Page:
In any case, Chaon is more interested in our desire to understand the harrowing gap between what we want to be and what we are. For Jonah's mother, that desire leads only to corrosive regret and self-pity. But for Jonah, permanently masked behind a thicket of scars, the dream of remaking himself remains a tantalizing possibility.
When his mother dies, Jonah discards every possession, every remnant of his past, and sets out for a new city armed only with a copy of "The Fifteen Steps on the Ladder of Success." Chaon describes this quest with poignancy and muffled wit. Jonah's habit of making up memories, designing for himself a more usable past, seems oddly touching. You don't have to be a fellow loser (or do you?) to sympathize with his practice of overanticipating events and rehearsing conversations before they take place. He draws up lists of his meager good qualities, he practices friendly gestures in the mirror, he watches happy people and imagines what it would be like to be them.
His physical condition is peculiar and his mental state is a weird mixture of grief and optimism, but Chaon's portrayal of this hopeful loner strikes notes that will resonate with anyone who hankers for a new beginning, who vacillates between bouts of confidence and despair. "The true terror," Jonah thinks, "the true mystery of life, is not that we were all going to die, but ... that we once didn't exist, and then, through no fault of our own, we had to."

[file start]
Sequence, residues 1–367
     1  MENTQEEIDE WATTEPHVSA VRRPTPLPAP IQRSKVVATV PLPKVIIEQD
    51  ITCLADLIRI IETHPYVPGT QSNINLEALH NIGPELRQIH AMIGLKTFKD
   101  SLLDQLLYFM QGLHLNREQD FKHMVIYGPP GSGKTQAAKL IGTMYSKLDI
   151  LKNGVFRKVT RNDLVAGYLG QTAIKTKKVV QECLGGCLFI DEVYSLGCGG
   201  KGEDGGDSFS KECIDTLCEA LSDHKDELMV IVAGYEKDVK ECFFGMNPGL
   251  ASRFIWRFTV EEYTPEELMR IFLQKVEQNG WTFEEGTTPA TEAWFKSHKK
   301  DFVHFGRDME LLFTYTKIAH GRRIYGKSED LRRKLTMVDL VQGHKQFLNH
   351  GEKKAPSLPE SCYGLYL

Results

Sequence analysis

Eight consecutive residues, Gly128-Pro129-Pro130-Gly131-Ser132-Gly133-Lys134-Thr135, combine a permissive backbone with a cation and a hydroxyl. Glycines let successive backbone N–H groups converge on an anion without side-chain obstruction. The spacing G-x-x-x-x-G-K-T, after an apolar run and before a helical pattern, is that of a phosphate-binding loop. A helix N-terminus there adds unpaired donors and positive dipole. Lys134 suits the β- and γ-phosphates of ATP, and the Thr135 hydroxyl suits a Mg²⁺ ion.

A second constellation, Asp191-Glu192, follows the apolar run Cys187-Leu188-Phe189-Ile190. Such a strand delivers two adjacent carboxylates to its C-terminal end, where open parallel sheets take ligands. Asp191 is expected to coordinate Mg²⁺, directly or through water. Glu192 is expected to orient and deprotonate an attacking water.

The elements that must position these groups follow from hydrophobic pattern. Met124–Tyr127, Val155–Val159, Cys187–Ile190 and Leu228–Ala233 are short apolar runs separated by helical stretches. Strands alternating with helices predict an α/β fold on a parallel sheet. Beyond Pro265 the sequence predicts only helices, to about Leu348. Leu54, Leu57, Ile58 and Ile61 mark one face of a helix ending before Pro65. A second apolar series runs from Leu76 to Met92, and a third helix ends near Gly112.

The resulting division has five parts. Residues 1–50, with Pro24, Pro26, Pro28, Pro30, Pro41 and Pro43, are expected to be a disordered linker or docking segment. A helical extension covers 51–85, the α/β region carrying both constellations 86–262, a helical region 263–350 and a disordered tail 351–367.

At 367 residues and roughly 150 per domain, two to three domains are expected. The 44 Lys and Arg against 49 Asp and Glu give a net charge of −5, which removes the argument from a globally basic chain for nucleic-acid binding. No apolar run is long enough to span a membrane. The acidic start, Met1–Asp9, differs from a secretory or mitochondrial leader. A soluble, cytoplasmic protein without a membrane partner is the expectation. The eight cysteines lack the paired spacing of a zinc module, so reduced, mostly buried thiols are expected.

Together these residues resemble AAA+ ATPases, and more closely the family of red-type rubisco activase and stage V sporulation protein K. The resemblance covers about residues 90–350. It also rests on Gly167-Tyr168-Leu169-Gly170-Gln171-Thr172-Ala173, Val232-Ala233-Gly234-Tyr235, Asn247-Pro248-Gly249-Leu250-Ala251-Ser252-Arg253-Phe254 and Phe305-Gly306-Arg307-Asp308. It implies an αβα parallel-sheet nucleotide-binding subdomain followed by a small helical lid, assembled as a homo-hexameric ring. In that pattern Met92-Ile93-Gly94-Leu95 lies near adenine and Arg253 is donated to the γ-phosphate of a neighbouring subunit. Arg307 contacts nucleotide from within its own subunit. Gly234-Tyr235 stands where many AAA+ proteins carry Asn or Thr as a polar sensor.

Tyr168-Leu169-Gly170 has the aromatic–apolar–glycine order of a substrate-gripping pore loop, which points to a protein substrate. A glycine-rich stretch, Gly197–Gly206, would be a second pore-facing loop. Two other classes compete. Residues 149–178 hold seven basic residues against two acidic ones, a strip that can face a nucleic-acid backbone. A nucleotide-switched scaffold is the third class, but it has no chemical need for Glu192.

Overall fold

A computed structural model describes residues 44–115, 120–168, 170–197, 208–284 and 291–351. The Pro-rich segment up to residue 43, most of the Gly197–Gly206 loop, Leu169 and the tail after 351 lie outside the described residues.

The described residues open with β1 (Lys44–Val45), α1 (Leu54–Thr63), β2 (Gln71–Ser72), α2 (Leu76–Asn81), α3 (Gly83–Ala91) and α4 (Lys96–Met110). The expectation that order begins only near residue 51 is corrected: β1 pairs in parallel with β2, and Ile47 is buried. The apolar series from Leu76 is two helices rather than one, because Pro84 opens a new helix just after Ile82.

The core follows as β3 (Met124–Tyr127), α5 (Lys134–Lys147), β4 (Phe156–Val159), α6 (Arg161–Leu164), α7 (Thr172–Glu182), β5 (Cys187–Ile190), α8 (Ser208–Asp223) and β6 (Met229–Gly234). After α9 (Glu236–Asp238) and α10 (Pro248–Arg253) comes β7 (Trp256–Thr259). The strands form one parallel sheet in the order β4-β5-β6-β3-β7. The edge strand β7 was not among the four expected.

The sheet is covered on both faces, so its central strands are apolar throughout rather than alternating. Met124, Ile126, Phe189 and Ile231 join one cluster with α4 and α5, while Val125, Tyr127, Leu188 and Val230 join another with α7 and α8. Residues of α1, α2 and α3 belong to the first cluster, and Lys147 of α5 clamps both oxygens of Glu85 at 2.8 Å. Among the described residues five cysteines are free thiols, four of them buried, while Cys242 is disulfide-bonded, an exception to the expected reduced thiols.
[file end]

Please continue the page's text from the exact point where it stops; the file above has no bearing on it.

His plan to remake himself depends on finding his older brother, the baby his mother spent her life mourning. We meet Troy long before Jonah does, first as a sweet adolescent slipping into drug addiction, then as an anxious father struggling to drop the habit and regain custody of his son. Unlike Jonah, Troy remains far less definite about the prime cause of his troubles, but he's just as determined to change his direction, to make something of himself.
The eventual contact between these two brothers arrives in a fascinating, long-delayed crisis, fraught with expectations that Troy can't possibly satisfy for Jonah. The ghastly looking stranger who imagines the benefits of instant fraternity is bound to be disappointed, but Jonah has invested so much psychic energy in this great hope that he loses touch with reality rather than let go of his dream.
Chaon sinks gently and quietly into these sad lives, but moments of real fright spike through his narrative, and the poignancy of Jonah's desire for connection shifts ominously toward much darker tones. Fortunately, this is an author of deep compassion. Not all his characters attain the insight they need to fathom their hopes and fears, but a few do, and his readers will come closer to understanding their own.
• Ron Charles is the Monitor's book editor. Send e-mail comments about the book section to Ron Charles.